Just the facts about Lake Norman

Lake Norman: a Look at the Past and its Uncertain Future

 

The news about the drought in the Southeastern part of our country is getting more and more serious. I’ve been assuming and hoping, like our current real estate market news, that the news writers are choosing a more exaggerated perspective on our drought in order to attract more readers. However, when we got a 911 reverse call from Iredell County asking residents to cut their water usage by 50%, read about the looming Stage 4 water restrictions, heard about farmers having to sell off their livestock for lack of food then it really started to hit home. I had simply never even considered that this wasn’t just a fluke and all would return to normal in a few months. Now, like so many others, I am making short term and long term plans for how to best face the drought and related issues.

To better understand the scope of our water sources in the Lake Norman area, it is necessary to look at the big picture; the past, present and future issues related to the entire Catawba River.

On Sunday, The Charlotte Observer started a fascinating week-long series about the Catawba River “A Cry for the Catawba…Join us for a journey along a river at risk” which I highly recommend you read whether you live in Charlotte and get the newspaper or read it online. Sunday’s kick off included an historic timeline for how Duke Power harnessed the river, a huge map of the entire river from the Blue Ridge Mountains to Lake Watertree in South Carolina, and some charts on water usage and statistics about the river.

Written in the context of our current drought, it is a sobering yet wonderful journey from ancient times to today; following the evolution of one very special river which became “a necklace of 11 lakes connected by a few free-flowing stretches” due to the efforts of James Duke starting at the turn of the century and culminating in the damming of Lake Norman in 1963.

The story starts with one man, Arthur Joe Hemphill and his passion to protect the Catawba River. He and his wife Mary, own 328 acres where one of three springs, considered to be “The Source” and where the river begins. “Joe and Mary believe the land…should not be tampered with.” Instead of selling their acreage to a developer they sold an easement to Southern Appalachian Highlands Conservancy. The agreement protects the land forever from development…” It then travels through the major lakes along the river’s path and ends at Lake Watertree in SC.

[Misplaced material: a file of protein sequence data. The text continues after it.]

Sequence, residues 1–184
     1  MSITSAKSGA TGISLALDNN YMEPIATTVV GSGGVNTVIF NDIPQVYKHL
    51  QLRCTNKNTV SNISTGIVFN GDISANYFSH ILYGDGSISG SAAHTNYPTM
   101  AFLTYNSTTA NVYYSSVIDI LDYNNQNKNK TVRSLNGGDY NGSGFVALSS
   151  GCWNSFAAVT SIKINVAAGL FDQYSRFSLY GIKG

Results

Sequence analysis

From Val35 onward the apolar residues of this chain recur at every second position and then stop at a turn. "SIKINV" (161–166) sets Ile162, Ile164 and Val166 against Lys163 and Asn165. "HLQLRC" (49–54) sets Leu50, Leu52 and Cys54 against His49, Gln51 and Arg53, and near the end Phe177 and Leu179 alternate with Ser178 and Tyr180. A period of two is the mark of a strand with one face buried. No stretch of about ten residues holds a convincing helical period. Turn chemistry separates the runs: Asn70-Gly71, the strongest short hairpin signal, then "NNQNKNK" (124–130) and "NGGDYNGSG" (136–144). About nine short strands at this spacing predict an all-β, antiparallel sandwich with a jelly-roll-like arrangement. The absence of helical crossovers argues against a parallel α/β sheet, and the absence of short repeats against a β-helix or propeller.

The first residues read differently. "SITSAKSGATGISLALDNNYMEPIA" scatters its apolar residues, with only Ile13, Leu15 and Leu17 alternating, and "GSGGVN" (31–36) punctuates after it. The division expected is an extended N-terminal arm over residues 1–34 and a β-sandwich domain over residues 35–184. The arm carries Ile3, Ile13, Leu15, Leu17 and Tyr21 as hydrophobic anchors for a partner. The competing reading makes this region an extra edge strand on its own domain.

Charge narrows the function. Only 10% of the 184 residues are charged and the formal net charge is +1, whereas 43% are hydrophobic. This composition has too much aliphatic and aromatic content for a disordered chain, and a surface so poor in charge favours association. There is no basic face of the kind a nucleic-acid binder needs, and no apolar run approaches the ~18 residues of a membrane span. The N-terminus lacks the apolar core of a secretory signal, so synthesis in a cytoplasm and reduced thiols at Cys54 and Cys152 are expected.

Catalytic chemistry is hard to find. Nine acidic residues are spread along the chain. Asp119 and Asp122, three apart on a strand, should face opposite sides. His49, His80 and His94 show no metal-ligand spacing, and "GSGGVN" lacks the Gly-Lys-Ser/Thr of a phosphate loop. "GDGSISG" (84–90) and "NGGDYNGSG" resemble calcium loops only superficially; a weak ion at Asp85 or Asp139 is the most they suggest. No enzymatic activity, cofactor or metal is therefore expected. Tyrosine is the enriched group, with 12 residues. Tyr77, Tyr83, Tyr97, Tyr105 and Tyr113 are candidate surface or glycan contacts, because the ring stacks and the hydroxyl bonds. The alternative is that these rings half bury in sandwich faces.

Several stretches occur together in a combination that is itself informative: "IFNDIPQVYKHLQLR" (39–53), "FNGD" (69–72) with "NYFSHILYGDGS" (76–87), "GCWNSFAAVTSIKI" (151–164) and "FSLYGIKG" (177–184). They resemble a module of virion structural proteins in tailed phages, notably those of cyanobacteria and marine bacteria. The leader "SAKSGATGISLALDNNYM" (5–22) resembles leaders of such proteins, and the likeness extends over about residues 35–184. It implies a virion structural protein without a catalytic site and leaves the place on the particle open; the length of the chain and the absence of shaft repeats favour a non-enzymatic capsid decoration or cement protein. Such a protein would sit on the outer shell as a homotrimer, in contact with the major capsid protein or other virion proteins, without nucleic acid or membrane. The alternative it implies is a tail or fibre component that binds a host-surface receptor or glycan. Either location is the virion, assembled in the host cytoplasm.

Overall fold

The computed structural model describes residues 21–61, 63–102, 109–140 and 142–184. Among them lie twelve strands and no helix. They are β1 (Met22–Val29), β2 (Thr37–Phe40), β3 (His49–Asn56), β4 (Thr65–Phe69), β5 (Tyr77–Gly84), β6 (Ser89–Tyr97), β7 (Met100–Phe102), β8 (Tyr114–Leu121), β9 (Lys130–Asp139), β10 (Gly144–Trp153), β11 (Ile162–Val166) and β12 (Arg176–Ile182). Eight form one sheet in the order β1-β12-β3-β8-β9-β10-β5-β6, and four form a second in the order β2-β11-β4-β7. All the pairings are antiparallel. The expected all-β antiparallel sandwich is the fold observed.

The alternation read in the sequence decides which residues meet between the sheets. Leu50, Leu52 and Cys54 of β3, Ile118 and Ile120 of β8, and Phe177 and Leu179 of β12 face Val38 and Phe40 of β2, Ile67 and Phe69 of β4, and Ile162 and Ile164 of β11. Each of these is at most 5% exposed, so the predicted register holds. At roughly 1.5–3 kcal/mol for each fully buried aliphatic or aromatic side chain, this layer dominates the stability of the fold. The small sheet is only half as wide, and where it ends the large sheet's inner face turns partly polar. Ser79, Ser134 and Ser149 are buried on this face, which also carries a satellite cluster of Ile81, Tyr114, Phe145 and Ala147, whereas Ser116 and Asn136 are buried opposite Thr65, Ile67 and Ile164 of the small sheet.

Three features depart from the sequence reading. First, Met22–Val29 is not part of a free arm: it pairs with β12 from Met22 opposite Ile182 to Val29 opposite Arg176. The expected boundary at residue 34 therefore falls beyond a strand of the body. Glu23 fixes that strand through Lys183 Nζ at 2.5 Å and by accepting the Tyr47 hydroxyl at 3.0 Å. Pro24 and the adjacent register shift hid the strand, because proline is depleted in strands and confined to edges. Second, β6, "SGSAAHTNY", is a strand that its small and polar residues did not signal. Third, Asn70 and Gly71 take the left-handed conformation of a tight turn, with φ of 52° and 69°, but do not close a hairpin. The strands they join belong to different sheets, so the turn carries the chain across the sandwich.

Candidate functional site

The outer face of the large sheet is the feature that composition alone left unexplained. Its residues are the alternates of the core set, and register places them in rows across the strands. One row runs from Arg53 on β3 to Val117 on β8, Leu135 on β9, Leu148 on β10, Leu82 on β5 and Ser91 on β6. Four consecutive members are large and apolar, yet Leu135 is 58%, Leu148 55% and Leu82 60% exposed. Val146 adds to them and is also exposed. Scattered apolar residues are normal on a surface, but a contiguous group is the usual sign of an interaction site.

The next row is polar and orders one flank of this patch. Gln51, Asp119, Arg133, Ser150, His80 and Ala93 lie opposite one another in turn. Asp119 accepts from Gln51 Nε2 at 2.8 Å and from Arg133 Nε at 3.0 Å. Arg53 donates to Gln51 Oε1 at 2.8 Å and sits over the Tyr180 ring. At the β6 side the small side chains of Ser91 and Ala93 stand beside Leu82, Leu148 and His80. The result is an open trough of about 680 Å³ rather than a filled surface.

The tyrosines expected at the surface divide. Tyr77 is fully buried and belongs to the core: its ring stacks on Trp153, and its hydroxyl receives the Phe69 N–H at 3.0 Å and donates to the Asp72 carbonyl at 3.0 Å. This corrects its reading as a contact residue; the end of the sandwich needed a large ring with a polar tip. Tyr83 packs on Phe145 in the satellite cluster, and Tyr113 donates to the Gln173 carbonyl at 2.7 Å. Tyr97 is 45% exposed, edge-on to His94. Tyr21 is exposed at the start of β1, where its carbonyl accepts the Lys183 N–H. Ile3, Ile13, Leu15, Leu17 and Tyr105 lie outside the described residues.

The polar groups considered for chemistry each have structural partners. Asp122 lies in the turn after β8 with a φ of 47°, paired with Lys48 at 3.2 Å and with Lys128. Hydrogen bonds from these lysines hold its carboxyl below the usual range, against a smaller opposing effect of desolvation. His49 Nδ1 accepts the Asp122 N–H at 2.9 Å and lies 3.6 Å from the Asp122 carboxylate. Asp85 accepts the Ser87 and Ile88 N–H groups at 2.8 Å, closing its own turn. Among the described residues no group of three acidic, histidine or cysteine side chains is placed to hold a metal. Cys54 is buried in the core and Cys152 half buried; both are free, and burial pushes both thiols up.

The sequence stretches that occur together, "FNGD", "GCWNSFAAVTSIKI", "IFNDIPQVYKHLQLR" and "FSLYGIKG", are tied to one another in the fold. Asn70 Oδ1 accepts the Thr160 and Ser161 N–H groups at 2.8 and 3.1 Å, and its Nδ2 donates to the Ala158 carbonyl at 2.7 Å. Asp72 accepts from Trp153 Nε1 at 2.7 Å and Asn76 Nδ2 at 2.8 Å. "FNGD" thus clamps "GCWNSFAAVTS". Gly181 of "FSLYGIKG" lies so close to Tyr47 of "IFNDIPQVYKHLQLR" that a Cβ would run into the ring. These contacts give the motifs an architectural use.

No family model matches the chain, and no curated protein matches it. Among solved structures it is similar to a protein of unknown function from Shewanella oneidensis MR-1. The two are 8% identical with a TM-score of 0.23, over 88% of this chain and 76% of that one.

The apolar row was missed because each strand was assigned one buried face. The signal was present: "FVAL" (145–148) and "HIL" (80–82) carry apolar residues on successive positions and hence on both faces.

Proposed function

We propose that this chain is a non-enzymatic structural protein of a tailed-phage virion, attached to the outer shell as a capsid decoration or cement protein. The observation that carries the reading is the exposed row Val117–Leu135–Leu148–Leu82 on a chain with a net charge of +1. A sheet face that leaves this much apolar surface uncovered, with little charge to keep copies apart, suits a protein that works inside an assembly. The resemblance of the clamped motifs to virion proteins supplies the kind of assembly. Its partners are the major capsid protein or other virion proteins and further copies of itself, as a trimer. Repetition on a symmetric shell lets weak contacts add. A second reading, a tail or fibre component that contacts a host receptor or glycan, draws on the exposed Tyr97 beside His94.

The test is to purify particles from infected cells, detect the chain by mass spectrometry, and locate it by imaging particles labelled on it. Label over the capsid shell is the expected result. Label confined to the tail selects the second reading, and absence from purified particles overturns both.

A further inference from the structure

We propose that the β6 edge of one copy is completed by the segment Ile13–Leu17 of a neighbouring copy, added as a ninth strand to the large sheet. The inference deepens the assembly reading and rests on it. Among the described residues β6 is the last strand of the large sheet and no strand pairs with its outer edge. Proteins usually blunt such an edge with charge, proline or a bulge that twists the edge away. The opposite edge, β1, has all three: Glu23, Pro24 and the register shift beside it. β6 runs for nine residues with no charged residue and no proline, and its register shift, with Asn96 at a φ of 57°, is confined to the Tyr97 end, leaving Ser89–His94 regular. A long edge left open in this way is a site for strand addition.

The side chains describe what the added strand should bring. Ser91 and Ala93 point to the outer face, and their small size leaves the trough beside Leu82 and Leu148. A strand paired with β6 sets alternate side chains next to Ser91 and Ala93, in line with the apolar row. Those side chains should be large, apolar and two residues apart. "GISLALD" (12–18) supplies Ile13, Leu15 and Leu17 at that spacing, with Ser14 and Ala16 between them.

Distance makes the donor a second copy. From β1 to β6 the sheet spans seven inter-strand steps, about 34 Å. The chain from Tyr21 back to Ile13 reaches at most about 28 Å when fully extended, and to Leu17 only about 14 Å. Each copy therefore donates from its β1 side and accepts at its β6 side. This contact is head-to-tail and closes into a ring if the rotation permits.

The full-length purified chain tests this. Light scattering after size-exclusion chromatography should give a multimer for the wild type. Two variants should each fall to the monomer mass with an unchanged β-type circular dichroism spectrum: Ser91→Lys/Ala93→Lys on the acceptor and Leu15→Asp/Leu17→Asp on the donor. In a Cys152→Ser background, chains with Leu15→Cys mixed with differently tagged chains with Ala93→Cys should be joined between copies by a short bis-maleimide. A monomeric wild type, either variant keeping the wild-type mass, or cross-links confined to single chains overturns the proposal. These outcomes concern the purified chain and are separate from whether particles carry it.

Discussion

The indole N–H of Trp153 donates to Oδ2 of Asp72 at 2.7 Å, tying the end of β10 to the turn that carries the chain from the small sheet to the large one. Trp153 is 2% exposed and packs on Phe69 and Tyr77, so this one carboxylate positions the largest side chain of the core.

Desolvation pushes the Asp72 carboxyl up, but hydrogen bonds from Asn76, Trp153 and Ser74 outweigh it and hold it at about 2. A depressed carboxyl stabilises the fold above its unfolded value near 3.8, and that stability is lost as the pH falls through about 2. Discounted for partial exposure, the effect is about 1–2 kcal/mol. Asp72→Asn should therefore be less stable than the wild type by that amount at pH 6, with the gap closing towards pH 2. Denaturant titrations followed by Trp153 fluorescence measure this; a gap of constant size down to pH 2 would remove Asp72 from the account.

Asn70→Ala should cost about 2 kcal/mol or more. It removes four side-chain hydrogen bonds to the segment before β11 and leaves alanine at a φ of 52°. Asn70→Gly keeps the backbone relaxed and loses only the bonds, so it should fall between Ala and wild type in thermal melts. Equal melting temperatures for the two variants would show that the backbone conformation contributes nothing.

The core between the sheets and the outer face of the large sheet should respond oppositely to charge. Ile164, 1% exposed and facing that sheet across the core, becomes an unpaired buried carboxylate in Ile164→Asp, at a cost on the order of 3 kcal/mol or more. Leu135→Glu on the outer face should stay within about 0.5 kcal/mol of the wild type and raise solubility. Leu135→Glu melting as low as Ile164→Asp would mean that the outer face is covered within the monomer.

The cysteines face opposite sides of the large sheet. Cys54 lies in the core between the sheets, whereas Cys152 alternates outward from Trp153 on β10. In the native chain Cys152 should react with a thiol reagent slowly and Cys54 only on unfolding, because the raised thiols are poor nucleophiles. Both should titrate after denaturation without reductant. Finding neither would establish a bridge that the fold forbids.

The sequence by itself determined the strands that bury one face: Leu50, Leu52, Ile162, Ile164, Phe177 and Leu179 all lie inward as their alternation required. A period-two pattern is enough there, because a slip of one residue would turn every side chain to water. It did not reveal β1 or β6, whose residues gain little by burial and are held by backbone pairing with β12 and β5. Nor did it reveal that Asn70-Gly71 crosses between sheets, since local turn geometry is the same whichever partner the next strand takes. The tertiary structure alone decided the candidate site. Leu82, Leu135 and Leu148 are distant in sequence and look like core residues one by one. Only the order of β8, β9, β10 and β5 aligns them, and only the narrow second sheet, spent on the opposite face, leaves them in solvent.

Below is a list of the series of article with links to the two most relevant to Lake Norman. You can access the entire series on the Charlotte Observer’s website as well as they unfold this week. I do have a copy of the Sunday and Tuesday articles including the large map of the entire river with which I would be happy to provide anyone printed copies.

THE CHARLOTTE OBSERVER SERIES:

Sunday: The Source of the Catawba River and it’s history

Monday: The Struggle to Save Lake James

Tuesday: A Developer’s view of Lake Norman”

Wednesday: Protecting Mountain Island Lake, Charlotte’s water supply

Thursday: A lakefront landfill at Wylie

Friday: At Landsford Canal, a surprising water garden

Saturday: A revival for Great Falls S.C.

Sunday: At Lake Watertree, how many demands can one river take?

OTHER ARTICLES of INTEREST

Lake Norman Relocation Resources

Lake Norman Sports Resource Guide

Relocating to Lake Norman

10 Things Lake Norman Waterfront Home Buyers Should Know BEFORE buying

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